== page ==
The results do not support H2, that in relation to commission-only compensation, there will be more outcome-based and fewer behavior-based contracts as the goal conflict in the advertiser/agency relationship increases. However, the goal conflict measure in our study was operationalized as goal congruity, which can be defined as a philosophical similarity of values and treatment of employees and customers. Hence, goal conflict specifically pertaining to an advertising campaign or other pressing operational concerns was not measured. A more “tactical” measure of goal conflict might have yielded different results.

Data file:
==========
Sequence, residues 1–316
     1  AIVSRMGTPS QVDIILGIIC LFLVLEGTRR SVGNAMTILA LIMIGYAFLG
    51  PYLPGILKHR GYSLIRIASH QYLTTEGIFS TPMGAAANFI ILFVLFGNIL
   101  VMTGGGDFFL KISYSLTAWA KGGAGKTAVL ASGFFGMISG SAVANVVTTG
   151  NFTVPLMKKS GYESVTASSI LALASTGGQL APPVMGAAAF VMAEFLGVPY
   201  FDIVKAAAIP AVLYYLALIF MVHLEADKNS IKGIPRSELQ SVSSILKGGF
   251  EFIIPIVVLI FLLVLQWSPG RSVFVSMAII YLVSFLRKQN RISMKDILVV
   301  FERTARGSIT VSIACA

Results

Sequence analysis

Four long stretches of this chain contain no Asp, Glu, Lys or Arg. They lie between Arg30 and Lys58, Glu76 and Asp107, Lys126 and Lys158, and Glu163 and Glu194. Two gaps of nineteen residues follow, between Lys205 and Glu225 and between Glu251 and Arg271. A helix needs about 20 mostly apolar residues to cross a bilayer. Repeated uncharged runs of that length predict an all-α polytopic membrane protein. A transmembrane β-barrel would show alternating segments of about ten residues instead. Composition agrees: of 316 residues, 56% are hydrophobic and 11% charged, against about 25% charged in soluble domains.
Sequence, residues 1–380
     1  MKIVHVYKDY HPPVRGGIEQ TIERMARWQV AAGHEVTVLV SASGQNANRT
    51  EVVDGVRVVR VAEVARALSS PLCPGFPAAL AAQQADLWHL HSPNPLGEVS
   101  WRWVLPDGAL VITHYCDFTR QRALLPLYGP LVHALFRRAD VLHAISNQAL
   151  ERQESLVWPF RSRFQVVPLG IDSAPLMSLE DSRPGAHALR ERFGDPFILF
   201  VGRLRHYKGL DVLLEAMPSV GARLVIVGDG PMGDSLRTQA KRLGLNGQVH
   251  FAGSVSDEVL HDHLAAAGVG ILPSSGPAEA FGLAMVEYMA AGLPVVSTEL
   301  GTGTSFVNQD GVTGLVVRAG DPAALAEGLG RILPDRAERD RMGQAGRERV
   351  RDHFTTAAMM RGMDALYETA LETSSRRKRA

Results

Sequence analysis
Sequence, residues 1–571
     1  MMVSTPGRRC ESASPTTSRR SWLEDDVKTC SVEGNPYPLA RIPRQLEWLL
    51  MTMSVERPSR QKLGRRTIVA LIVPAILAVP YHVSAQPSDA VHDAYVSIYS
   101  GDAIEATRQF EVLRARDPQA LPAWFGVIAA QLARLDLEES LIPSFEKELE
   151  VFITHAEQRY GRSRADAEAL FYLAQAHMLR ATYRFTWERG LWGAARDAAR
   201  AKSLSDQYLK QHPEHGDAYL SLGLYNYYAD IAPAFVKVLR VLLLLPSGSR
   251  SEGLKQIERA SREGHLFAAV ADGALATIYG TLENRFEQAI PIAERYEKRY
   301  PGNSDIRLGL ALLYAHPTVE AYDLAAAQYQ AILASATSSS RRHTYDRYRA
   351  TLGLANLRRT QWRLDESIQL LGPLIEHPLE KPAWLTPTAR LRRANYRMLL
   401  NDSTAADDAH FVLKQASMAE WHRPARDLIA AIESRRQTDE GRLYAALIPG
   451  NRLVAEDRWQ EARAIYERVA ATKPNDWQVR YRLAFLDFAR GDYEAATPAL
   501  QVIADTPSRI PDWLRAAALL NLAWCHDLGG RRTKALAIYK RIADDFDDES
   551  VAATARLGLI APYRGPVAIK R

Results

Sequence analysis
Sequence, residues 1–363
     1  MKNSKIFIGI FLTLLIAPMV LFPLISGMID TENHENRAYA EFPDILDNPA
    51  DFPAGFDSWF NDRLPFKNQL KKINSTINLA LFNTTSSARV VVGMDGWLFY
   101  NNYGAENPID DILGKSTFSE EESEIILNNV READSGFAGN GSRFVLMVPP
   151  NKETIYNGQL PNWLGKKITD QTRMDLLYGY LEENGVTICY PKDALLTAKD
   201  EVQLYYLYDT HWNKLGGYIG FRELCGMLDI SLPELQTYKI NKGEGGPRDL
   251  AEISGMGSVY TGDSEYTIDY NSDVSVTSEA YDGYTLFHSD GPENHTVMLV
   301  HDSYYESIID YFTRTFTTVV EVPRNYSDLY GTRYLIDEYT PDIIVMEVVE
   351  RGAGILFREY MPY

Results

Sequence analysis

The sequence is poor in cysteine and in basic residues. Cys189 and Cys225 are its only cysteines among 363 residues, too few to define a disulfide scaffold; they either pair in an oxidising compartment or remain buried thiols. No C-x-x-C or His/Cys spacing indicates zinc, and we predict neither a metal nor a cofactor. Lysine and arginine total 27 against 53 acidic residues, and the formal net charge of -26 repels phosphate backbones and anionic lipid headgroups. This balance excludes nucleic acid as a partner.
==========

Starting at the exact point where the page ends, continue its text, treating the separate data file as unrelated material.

We regard HI to be a key hypothesis from an agency theory perspective. Its support, even with the small number of advertisers (n = 25) that compensated their agency on the basis of measurable outcomes, is remarkable. However, we also had a result running counter to agency theory, suggesting that as advertising effects become easier to measure, compensation becomes more behavior-based. We interpret it to mean that because measuring advertising effects is neither cheap nor trivial, ease of measurement alone will not prompt clients and agencies to move toward outcome-based compensation. Advertising must also be an important element of the marketing mix.